Superoxide dismutases (SODs) represent the first line of defense against oxidative stress, which is considered an essential factor in several neurodegenerative diseases and aging. We investigated the role of the copper,zinc superoxide dismutase (SOD1) in the maintenance of intracellular redox homeostasis by analyzing the early effects of SOD1 down-regulation in SH-SY5Y neuroblastoma cells. Through the use of small interference RNA, SOD1 was efficiently down-regulated at 48 h after transfection without any significant effect on cell viability. The steady-state concentration of superoxide was significantly increased after 12 h, when SOD1 was only slightly decreased, and progressively returned to values close to those observed in control cells. The superoxide increase was buffered by the enhanced levels of antioxidant glutathione (GSH); however, GSH increase was not sufficient to avoid damage to proteins in terms of carbonyls. GSH-depleting agents, such as BSO or diamide, further increased protein damage and committed SOD1 deficient cells to death, confirming the pivotal role played by this antioxidant. Although SOD1 declined mostly in the cytosolic compartment, mitochondria were significantly affected with impairment of the mitochondrial transmembrane potential and a decrease in ATP production. Together with these effects carbonylation of mitochondrial proteins was detected and in particular a consistent carbonylation and decrease of the antiapoptotic protein Bcl-2. These conditions induced a high susceptibility of SOD1-depleted cells to treatment with the mitochondrial reactive oxygen species producing agent rotenone. Overall, the results demonstrate that loss of SOD1 leads to severe damage of mitochondria, suggesting an important biological role for this enzyme in the preservation of mitochondrial homeostasis.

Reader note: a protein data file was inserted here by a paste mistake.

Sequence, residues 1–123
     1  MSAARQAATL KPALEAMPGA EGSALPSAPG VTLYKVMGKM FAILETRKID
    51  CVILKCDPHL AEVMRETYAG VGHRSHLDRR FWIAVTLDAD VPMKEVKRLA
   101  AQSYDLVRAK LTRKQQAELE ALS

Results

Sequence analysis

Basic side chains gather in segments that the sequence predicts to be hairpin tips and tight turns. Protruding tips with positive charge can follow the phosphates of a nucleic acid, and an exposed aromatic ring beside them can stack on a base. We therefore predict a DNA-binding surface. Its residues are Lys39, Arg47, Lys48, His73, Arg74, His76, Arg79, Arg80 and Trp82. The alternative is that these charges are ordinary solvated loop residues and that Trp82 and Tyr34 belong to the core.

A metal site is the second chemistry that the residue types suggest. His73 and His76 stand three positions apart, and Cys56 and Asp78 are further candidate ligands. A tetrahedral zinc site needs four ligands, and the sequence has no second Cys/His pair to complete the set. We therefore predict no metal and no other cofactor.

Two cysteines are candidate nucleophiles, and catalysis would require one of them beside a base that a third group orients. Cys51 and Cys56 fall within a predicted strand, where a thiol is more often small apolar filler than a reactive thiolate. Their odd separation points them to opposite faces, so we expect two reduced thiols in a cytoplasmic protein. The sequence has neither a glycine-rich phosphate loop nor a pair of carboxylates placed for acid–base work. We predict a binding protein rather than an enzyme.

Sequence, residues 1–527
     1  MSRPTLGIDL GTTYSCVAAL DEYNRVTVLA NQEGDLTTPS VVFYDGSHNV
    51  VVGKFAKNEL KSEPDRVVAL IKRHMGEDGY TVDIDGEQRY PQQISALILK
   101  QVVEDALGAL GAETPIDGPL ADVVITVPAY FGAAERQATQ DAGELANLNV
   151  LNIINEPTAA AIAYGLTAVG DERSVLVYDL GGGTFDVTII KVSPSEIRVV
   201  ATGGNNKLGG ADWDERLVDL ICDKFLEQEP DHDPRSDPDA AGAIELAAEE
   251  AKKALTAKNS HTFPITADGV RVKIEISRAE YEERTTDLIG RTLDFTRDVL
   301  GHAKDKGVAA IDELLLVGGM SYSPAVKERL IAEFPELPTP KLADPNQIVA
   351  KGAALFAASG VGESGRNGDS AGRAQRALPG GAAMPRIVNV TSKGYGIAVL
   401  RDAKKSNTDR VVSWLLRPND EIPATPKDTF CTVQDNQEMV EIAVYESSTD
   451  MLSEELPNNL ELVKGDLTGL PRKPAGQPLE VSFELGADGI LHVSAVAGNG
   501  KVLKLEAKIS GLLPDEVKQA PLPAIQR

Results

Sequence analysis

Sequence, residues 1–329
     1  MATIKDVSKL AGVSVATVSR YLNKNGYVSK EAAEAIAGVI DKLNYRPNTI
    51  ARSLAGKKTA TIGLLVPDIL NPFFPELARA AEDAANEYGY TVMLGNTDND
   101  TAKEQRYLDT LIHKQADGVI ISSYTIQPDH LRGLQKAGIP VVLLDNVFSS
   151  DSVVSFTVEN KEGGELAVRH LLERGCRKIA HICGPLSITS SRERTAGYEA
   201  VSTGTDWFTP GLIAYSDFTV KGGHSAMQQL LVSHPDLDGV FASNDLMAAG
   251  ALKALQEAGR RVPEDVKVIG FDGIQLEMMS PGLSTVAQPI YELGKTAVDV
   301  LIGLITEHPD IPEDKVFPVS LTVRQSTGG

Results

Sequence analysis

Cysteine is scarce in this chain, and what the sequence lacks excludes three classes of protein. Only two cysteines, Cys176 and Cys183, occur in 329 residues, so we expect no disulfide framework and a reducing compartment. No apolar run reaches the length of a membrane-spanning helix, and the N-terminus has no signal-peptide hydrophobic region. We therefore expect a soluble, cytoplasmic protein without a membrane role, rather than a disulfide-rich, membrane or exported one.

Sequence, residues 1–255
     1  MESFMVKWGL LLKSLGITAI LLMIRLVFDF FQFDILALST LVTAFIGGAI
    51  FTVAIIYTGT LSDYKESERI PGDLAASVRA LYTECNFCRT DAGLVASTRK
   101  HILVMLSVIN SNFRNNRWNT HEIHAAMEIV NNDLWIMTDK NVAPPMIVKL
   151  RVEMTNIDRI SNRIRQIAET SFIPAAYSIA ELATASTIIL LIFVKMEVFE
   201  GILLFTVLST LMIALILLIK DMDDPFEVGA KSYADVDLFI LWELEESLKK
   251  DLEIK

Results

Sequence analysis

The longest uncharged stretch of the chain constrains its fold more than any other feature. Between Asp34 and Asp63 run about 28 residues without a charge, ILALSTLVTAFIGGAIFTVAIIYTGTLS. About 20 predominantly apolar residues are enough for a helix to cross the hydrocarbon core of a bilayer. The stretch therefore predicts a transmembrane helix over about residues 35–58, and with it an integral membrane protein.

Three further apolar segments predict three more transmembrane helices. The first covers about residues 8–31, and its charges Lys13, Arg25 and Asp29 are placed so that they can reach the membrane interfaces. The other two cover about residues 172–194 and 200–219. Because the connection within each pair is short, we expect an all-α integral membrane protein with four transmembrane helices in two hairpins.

- Oxidative stress
ASJC Scopus subject areas
- Agricultural and Biological Sciences (miscellaneous)
- Biochemistry, Genetics and Molecular Biology(all)
- Cell Biology